States, Refiners Plead to SCOTUS on RFS

States, Refiners Push Supreme Court to Maintain Small-Refinery Exemptions

Todd Neeley
By  Todd Neeley , DTN Staff Reporter
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States and refining interests tell the Supreme Court small refiners will face economic ruin without small-refinery exemptions. (DTN file photo)

OMAHA (DTN) -- Parties continue to line up in the upcoming Supreme Court case likely to determine the future of small-refinery exemptions, as a number of states and refining interests filed briefs with the court on Monday.

The Supreme Court is expected to hear arguments in HollyFrontier v. Renewable Fuels Association sometime this year.

Last week, the EPA announced in a news release it had changed its position on the effect of a January 2020 ruling by the U.S. Court of Appeals for the 10th Circuit in Denver. The court ruled EPA had illegally granted three exemptions to the Renewable Fuel Standard.

Refining interests are arguing to the Supreme Court that the court of appeals' decision -- to require small refineries to have had continuous exemptions from 2011 onward to receive future exemptions -- was a misreading of the law.



Matthew Morrison, an attorney for the RFA at Pillsbury Winthrop Shaw Pittman LLP in Washington, D.C., told DTN the agency's reversal on the 10th Circuit ruling should help the ethanol industry.

"HollyFrontier will definitely proceed with its challenge, but EPA's adoption of the 10th Circuit's reasoning should help us," he said.

"Irrespective of the deference the court gives to EPA's new position on whether extensions of exemptions need to be continuous, our view is that the plain meaning of the statutory text, as well as the structure of the RFS and the purpose behind this program, support the 10th Circuit's holding."


In a brief filed on Monday, the states of Oklahoma, Louisiana, Wyoming, Texas, West Virginia, Utah and Montana told the Supreme Court the 10th Circuit ruling may spell the end of small refineries. The EPA classifies small refineries as those producing 75,000 barrels or less per day.

"This decision likely marks the beginning of the end for most small refineries," the states said.

"Few small refiners can currently meet the 10th Circuit's test, and eventually none will be able to meet it. Absent access to the hardship exemption, the whole small-refining industry may soon disappear."

The 10th Circuit ruled three small refineries did not qualify for exemptions because they had not received them continuously since 2011. But the states said the appeals court "overlooked ambiguity in the statutory language" that they believe shows small refineries can attain exemptions at any time.


"These refineries often are the keystone employer in small communities," the states said.

"They provide high-paying jobs and tax revenues and keep the cost of fuel low in the localities they serve. Amici states have a strong interest in ensuring that these important economic engines are not forced to close their doors and lay off their workers because of the misinterpretation of one word in the Renewable Fuel Standard."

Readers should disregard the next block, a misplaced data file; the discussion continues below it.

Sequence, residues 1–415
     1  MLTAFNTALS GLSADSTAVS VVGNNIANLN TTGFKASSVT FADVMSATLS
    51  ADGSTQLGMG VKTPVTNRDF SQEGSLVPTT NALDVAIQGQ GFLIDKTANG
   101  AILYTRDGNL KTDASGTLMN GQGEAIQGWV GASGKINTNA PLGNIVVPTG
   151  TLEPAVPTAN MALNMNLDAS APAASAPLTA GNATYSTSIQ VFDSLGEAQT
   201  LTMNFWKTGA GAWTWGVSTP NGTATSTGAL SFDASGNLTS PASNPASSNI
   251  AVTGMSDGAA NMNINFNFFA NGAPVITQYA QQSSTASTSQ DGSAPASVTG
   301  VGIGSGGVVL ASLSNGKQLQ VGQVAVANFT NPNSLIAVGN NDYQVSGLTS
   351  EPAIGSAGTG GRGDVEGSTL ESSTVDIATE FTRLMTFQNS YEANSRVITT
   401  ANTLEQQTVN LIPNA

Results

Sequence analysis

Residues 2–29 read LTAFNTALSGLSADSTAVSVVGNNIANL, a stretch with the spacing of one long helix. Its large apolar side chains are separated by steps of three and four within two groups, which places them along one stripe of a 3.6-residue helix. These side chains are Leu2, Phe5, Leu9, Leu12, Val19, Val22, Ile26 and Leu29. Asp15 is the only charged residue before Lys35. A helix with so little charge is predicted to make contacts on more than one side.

The states said EPA's decision to approve exemptions for small refineries that missed prior exemption years was "reasonable and persuasive."

"Absent the hardship exemption, small refineries are not economically viable," the states argue.

"Structural and geographic limitations force small refiners to comply with the Renewable Fuel Standard by purchasing credits on an open market. Volatility in this market, which increased after the 10th Circuit's decision, makes the cost of compliance unsustainable. To put the severity of this issue in perspective, 54 of the country's 135 operating refineries qualify as small under the Renewable Fuel Standard."

The states said those 54 refineries produce about 2 million of the nation's 18.5 million barrel-per-day refining capacity. Small refineries make up 40% of all U.S. refineries and 10% of domestic refining capacity.

"Removing the Renewable Fuel Standard's hardship exemption risks returning the nation to 2006 refining-capacity levels, erasing all gains in domestic refining since the statute took effect," the states said.

American Fuel and Petrochemical Manufacturers said in a brief filed on Monday that the Supreme Court should not consider EPA's recent press announcement in support of the 10th Circuit's ruling.


"The crippling effects of the decision below on the small-refinery industry remain ongoing and are unlikely to subside unless this court returns the RFS program to the status quo ante," AFPM said.

"The decision below has thrown the industry and RFS program into disarray. EPA's midnight reversal of its longstanding interpretation, without notice to affected refineries and the opportunity for public comment, is entitled to no deference."

CountryMark, a farmers cooperative with operations in Indiana, Illinois, Michigan, Ohio and Kentucky, filed a brief at the end of last week telling the court its business is in jeopardy without exemptions. (…)

In a brief filed on Monday, the Small Refineries Coalition said the inability for small refiners to obtain exemptions could hurt the biofuels industry as well.

"Larger competitors, on the other hand, can blend enough renewable fuel both to comply with their own RFS obligations and sell excess credits on the market for windfall profits," the coalition said.

"As a result, small refineries cannot pass on their compliance costs in the fuel they sell if they want their prices to remain competitive. Thus, disqualifying nearly all of the country's small refineries from receiving hardship relief will not help the biofuels industry. All it will do is irreparably harm small refineries and the communities in which they operate without achieving any of the RFS program's objectives."

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Todd Neeley

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